On the other hand, Sergei Pavlovich Korolev, on left, (aka Chief Designer) was brought out of early retirement from a Gulag in sunny Siberia, given a temporary (you know, "failure is not an option" kind of temporary) commission in the Soviet Army and tasked with convincing/bribing as many Nazi rocket scientists he could lay his mits on and make the bold career move of working for him back in the USSR for a pittance or not seeing your next birthday. Comrade Korolev had the whole of the Soviet security force, the NKVD, working for him.
Word got around pretty quickly about this great offer and consequently the majority of the more highly regarded rocket scientists/engineers left Mr Staver detailed instructions on where he could find them. The remainder found themselves waking up over the border and exiled into forced labour camps, only after their brains were sucked dry by Russian rocket scientists/engineers first, of course.







Before, during and just after the war, the US (and most likely the USSR) was carrying out all kinds of research into fast/high altitude aircraft. All of the armed services were doing flight testing of course, but a group of clever people collectively known as NACA (National Advisory Committee for Aeronautics) were doing the really hi-tech stuff. One of these was Robert Rowe Gilruth, on right, (also known as Bob) who first began working for NACA in 1937. Mr Gilruth would become America's version of Russia's Chief Designer. A very smart man, whose future sail boat designs would cause much mirth and laughter until the wupped there collectives in any type of match race.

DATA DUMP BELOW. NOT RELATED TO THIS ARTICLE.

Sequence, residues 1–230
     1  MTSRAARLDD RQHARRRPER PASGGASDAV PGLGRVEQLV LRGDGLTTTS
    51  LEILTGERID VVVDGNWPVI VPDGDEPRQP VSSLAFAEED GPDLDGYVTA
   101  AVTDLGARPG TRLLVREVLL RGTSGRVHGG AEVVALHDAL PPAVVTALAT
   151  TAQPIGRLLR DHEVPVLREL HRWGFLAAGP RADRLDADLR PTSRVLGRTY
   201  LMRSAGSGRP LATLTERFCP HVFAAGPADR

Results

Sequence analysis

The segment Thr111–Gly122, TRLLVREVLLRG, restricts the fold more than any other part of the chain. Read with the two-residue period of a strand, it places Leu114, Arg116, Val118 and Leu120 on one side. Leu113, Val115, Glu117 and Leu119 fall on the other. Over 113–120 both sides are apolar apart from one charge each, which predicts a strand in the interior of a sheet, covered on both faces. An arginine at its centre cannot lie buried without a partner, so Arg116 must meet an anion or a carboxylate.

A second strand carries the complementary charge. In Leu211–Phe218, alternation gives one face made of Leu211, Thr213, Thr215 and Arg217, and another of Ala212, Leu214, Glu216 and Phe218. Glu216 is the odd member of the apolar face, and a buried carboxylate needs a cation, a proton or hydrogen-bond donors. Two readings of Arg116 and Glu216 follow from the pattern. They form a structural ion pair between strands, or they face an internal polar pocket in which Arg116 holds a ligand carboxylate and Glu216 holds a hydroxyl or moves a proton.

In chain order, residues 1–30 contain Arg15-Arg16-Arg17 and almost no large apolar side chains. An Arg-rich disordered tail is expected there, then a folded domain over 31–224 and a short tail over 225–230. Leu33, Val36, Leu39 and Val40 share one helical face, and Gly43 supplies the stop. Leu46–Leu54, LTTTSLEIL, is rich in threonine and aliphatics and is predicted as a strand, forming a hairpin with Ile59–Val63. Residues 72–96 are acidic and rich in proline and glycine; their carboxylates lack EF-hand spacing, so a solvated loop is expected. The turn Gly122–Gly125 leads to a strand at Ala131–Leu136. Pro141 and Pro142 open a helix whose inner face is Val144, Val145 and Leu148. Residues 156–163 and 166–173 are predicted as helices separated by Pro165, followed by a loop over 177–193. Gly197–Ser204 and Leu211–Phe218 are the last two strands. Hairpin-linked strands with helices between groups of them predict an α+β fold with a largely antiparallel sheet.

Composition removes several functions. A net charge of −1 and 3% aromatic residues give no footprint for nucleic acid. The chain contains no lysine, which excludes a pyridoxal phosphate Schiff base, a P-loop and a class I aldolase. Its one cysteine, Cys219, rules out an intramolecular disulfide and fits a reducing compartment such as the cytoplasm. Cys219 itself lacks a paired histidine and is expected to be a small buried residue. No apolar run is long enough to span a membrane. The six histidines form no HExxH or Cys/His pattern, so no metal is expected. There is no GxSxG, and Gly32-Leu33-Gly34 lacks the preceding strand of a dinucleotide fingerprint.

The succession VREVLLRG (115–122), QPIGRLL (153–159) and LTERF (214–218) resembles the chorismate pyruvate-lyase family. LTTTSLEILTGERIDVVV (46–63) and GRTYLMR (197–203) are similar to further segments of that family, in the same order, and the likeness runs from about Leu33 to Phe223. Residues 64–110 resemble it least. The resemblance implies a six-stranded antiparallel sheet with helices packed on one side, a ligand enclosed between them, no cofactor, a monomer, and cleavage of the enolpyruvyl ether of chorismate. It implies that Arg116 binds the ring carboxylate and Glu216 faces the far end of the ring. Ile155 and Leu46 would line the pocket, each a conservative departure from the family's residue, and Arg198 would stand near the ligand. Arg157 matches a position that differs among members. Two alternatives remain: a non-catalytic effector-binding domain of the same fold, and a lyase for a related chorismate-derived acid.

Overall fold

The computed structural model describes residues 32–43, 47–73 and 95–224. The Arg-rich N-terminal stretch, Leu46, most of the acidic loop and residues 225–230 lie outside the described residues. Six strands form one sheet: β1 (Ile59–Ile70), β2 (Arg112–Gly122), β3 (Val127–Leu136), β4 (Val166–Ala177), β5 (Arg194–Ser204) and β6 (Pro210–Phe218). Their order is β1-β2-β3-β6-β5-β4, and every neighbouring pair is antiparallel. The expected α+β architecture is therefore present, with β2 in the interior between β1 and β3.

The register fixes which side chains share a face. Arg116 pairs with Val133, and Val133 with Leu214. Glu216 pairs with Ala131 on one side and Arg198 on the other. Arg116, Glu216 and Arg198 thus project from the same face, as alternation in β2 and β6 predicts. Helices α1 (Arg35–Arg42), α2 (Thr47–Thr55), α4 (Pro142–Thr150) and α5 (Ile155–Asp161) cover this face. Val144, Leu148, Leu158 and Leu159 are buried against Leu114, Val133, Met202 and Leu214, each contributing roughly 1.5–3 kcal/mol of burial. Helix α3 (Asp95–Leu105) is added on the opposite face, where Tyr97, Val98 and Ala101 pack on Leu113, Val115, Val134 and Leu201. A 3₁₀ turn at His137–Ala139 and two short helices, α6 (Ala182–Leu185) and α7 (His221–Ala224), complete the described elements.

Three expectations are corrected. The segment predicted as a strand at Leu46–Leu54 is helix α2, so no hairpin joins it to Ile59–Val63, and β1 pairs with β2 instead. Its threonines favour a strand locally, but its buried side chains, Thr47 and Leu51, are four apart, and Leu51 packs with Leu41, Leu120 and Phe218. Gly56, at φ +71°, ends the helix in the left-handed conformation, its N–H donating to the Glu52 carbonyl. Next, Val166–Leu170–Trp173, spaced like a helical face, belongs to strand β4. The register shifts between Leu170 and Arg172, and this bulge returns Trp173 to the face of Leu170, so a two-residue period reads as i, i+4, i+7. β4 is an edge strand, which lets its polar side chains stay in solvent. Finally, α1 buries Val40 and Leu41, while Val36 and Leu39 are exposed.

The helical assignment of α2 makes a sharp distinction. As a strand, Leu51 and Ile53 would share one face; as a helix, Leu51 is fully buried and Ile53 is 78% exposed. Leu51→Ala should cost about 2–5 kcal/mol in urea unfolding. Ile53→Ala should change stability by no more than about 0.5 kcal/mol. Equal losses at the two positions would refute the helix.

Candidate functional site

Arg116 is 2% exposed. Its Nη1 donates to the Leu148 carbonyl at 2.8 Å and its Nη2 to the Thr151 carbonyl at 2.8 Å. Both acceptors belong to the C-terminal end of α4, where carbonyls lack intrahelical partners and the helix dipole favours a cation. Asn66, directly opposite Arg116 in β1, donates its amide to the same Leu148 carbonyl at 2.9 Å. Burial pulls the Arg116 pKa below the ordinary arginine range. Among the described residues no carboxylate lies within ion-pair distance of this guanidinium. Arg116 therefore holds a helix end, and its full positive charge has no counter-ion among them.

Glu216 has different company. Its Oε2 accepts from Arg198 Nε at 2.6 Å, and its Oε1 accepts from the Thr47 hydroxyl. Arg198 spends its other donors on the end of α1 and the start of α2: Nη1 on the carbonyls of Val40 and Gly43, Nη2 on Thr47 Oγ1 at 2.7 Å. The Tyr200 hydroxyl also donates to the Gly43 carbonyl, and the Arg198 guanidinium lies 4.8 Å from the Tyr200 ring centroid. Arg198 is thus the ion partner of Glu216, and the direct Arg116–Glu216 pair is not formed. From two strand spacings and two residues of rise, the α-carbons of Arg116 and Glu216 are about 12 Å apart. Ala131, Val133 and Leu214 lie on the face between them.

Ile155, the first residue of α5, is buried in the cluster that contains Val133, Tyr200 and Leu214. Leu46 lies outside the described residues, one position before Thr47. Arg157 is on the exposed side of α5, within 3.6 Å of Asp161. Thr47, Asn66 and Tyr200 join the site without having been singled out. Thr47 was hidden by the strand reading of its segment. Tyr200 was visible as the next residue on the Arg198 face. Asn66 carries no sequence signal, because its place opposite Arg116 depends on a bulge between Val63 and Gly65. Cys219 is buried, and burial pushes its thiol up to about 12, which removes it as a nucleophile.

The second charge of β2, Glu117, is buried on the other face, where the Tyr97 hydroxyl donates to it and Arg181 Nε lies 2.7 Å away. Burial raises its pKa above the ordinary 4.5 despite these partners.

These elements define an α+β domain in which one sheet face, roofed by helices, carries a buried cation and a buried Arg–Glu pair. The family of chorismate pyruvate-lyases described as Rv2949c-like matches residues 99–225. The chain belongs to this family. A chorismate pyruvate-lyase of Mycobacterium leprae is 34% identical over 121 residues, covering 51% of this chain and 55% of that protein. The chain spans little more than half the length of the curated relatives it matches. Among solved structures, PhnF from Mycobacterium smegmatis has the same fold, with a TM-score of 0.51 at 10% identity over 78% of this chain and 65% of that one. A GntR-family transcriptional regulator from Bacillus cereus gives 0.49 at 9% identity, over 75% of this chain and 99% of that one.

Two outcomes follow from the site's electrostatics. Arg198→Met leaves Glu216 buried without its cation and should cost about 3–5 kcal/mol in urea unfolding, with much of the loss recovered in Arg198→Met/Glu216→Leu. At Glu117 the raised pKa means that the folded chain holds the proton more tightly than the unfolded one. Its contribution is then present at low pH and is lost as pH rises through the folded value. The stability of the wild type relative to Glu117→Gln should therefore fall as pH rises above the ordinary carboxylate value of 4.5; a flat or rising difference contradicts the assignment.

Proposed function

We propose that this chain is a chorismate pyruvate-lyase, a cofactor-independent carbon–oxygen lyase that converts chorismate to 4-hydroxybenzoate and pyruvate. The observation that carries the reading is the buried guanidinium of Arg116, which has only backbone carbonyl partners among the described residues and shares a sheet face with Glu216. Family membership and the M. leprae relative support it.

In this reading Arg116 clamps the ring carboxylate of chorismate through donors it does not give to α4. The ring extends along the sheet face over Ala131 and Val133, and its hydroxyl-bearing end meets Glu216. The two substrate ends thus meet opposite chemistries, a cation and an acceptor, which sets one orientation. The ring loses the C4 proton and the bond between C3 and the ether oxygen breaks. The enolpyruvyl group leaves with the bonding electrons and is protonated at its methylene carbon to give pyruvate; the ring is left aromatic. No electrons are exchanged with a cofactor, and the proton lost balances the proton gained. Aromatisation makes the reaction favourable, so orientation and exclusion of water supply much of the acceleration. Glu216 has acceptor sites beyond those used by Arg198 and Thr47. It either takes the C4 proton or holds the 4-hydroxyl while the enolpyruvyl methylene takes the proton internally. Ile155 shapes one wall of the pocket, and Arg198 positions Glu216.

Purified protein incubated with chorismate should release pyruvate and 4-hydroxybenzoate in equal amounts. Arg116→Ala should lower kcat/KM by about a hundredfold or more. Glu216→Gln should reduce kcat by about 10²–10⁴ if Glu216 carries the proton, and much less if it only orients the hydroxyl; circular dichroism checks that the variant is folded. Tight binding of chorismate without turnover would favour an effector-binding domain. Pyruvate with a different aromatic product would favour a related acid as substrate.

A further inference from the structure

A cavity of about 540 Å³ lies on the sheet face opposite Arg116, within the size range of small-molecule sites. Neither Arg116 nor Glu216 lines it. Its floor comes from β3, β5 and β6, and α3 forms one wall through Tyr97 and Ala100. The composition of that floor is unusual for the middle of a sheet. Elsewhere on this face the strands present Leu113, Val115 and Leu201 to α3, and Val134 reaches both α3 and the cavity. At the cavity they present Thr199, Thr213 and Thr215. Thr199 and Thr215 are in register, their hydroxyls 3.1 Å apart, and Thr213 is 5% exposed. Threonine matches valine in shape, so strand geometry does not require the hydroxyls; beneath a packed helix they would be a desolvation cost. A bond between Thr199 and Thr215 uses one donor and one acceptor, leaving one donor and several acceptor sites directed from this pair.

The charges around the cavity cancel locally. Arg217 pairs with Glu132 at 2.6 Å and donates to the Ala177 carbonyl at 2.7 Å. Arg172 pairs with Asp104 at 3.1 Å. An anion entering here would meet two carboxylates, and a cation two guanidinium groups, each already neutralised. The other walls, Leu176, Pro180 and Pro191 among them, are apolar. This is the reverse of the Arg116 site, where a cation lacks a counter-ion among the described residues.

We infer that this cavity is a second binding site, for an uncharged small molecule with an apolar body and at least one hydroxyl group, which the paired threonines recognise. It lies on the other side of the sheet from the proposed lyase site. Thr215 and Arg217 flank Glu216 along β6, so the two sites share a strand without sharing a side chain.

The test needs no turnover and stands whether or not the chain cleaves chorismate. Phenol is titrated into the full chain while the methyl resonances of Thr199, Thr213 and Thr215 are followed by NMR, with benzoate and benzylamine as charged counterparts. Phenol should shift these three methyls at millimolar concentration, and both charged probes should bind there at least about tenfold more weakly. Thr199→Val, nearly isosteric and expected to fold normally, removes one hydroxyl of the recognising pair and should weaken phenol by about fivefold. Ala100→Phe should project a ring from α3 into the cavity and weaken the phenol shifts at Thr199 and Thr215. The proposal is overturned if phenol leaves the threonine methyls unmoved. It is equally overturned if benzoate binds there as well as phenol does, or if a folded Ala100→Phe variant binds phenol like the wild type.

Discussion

Around about 1946, a research and development committee working within the Douglas Aircraft Company produced a report for a "World Circling Spaceship", at left, called Project 1947, of all things. Anyhow, research and development (or R & D) is what the RAND Corporation eventually become, so this project is sometimes known as the RAND World Circling Spaceship.

At the end of the day, this thing was very advanced for it's time and a forerunner of future spacecraft as it was multistaged, carried internal guidance systems, cheapish to construct by various aviation contractors and could be modified to carry human cargo. It just needed a damn good engineering team to make it.

Meanwhile, Herr von Braun at around the same time had a plan (in his head) to construct one really big mutha, point it at the moon, light the wick at the bottom and stand back and see what happened. And the Yanks still reckon they had the best German rocket scientists!